Listen : O.E. hlysnan "to listen," from P.Gmc. *khlusinon (cf. O.H.G. hlosen "to listen," Ger. lauschen "to listen"), from PIE base *kleu- "hearing, to hear" (cf. Skt. srnoti "hears," srosati "hears, obeys;" Avestan sraothra "ear;" M.Pers. srod "hearing, sound;" Lith. klausau "to hear," slove "splendor, honor;" O.C.S. slusati "to hear," slava "fame, glory," slovo "word;" Gk. klyo "hear, be called," kleos "report, rumor, fame glory," kleio "make famous;" L. cluere "to hear oneself called, be spoken of;" O.Ir. ro-clui-nethar "hears," clunim "I hear," clu "fame, glory," cluada "ears;" Welsh clywaf "I hear;" O.E. hlud "loud," hleoðor "tone, tune;" O.H.G. hlut "sound;" Goth. hiluþ "listening, attention").

    Query/Quaero : quaere, from L. quaere "ask," imperative of quaerere "to seek, gain, ask," probably ultimately from PIE *kwo-.


    these words seems be connected and "Listen" seems to be the best match for "hello" :)

    For me this is Interesting , the Tamil words for each of the above..
    Hear/Listen: KElu, KEtpa
    Query : KElvi
     

    berndf

    Moderator
    German (Germany)
    So, you are saying that the German "heil" is unrelated to Eng. hello, but you agree that "heil" means "healthy" (whole) exactly as the homeric "Oule". If you are correct, English must be one of the european languages that the common salutation is nor related to the sense of health.
    Heil and hallo are unrelated in German as well. In both English and German, hallo/hello is not primarily a salutation but an exclamation to attract attention. The use as a salutation is secondary.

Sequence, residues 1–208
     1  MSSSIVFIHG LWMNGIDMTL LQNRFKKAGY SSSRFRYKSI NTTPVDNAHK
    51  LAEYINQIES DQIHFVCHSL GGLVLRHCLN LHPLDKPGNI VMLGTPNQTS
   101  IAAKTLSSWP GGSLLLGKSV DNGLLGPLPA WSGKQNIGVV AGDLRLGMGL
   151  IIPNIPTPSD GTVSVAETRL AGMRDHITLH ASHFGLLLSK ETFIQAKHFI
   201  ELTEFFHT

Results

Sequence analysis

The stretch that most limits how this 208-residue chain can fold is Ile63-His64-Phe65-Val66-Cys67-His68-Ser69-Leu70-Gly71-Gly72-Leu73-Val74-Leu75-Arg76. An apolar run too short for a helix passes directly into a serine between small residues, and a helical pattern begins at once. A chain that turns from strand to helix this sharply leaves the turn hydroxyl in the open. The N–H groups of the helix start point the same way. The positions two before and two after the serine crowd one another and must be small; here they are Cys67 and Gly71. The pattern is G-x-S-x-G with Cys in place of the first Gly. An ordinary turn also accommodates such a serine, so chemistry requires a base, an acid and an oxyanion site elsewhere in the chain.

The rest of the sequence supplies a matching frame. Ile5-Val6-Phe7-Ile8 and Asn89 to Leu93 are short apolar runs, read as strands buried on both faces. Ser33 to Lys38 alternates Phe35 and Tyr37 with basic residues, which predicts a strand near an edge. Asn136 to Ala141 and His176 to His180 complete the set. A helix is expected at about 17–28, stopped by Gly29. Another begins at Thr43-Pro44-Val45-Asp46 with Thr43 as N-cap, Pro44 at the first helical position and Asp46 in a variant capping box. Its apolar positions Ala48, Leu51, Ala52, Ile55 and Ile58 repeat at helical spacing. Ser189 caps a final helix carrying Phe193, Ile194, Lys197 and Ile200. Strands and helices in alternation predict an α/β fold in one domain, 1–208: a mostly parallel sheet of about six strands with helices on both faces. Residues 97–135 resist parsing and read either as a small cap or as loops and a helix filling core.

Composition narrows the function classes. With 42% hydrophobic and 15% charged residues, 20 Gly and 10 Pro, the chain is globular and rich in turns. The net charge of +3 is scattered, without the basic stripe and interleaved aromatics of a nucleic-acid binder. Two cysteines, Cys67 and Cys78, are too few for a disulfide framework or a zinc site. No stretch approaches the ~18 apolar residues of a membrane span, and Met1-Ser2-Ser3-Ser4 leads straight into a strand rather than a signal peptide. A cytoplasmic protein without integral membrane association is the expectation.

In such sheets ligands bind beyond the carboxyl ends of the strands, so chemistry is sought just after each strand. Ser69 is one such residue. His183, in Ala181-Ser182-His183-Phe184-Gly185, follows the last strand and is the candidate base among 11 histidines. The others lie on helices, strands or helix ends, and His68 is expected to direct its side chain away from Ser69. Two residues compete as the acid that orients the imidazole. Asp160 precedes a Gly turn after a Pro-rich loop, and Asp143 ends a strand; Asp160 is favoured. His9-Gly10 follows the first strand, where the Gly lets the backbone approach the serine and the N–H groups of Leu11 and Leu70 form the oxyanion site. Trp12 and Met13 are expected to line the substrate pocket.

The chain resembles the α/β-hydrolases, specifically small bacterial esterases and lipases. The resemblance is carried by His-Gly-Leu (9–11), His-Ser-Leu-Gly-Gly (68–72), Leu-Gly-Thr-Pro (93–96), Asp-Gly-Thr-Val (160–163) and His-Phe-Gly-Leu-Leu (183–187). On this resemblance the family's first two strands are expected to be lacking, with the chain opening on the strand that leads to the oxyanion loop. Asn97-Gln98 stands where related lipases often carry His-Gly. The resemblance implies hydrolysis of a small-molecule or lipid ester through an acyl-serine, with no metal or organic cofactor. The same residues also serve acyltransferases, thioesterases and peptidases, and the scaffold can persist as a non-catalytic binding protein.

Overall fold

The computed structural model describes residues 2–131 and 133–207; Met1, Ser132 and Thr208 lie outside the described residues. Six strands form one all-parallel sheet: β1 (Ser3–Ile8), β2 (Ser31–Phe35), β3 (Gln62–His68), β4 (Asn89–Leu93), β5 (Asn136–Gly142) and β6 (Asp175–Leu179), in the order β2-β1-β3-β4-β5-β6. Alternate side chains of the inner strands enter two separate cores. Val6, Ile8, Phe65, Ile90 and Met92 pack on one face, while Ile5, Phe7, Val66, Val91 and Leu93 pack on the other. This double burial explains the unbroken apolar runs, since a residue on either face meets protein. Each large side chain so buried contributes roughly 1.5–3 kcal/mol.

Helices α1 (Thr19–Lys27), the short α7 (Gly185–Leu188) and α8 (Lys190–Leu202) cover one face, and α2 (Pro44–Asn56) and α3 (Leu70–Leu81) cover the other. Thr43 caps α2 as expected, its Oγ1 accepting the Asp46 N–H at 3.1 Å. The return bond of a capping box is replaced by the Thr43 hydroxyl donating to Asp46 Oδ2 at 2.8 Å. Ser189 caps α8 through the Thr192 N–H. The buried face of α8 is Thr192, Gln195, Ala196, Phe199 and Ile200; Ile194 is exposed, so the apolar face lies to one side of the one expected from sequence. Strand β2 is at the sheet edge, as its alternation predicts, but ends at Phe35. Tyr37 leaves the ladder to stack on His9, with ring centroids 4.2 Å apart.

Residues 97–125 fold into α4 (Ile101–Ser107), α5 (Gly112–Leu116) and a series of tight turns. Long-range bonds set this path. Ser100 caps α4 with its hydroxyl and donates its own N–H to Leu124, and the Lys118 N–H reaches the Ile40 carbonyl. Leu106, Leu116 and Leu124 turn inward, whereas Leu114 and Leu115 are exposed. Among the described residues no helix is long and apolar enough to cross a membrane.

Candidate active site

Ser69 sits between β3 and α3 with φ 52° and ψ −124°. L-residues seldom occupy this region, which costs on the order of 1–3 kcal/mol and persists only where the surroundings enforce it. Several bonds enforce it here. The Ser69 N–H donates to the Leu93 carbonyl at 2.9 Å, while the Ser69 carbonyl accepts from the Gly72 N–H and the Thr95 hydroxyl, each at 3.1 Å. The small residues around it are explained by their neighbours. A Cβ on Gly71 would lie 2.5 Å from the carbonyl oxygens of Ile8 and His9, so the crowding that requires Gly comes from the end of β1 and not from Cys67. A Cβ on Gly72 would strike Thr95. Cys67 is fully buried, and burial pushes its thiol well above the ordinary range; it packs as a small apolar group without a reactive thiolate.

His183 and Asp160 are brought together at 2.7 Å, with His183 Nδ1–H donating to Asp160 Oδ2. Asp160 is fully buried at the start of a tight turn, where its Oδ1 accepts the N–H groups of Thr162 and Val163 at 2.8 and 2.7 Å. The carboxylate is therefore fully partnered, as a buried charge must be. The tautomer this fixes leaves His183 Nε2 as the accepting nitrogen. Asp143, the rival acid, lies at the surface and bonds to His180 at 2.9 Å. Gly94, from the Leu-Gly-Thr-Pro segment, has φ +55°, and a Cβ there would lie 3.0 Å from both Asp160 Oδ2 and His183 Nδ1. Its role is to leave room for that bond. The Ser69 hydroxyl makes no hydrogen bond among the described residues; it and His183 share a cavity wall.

The word is most frequently associated with the OHG verb halon = to scream, to shout, to summon. E.g. here; but this explanation is incomplete as only the modern meaning holen = to fetch is mentioned. OHG halon is cognate to Latin calo and Greek καλέω.
     
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    Perseas

    Senior Member
    The word is most frequently associated with the OHG verb halon = to scream, to shout, to summon. E.g. here; but this explanation is incomplete as only the modern meaning holen = to fetch is mentioned. OHG halon is cognate to Latin calo and Greek καλέω.
    There's also the verb call in English which means καλώ in Modern Greek. Are halon and call cognates?
     

    berndf

    Moderator
    German (Germany)
    There's also the verb call in English which means καλώ in Modern Greek. Are halon and call cognates?
    No. Call is of Anglo-Saxon origin. If you look for cognates of Germanic words starting with /k/ in Latin or Greek, you look for initial /g/ (Grimm's Law). A related Latin words are gallus < PIE *gal- = to cry, to shout.
     

    G a

    Senior Member
    American English, Español mexicano
    I don't know how far back the etymology can actually be traced, but one thing's sure--"hello," or "hola," or "halloo," with many other variants, were common Medieval hunting calls, at least in Middle and Modern English, and possibly several other languages; I don't know if it ever had a specific meaning, or was always just a general cry to attract someone's attention, but it definitely had that use.

    As far as its current usage as a greeting, it is quite modern--it didn't come into wide acceptance until the advent of the telephone.

    http://www.etymonline.com/index.php?term=hello (by no means the only etymological dictionary with this explanation)
     

    mataripis

    Senior Member
    An expression that let others know you. Hello for me comes from Greek "Olos" meaning all.But in many asian countries, the sound " oy" is the equivalent of hello. It is a greeting by any one in any country.In Greece this sounds " Ya" (geia)!
     

    berndf

    Moderator
    German (Germany)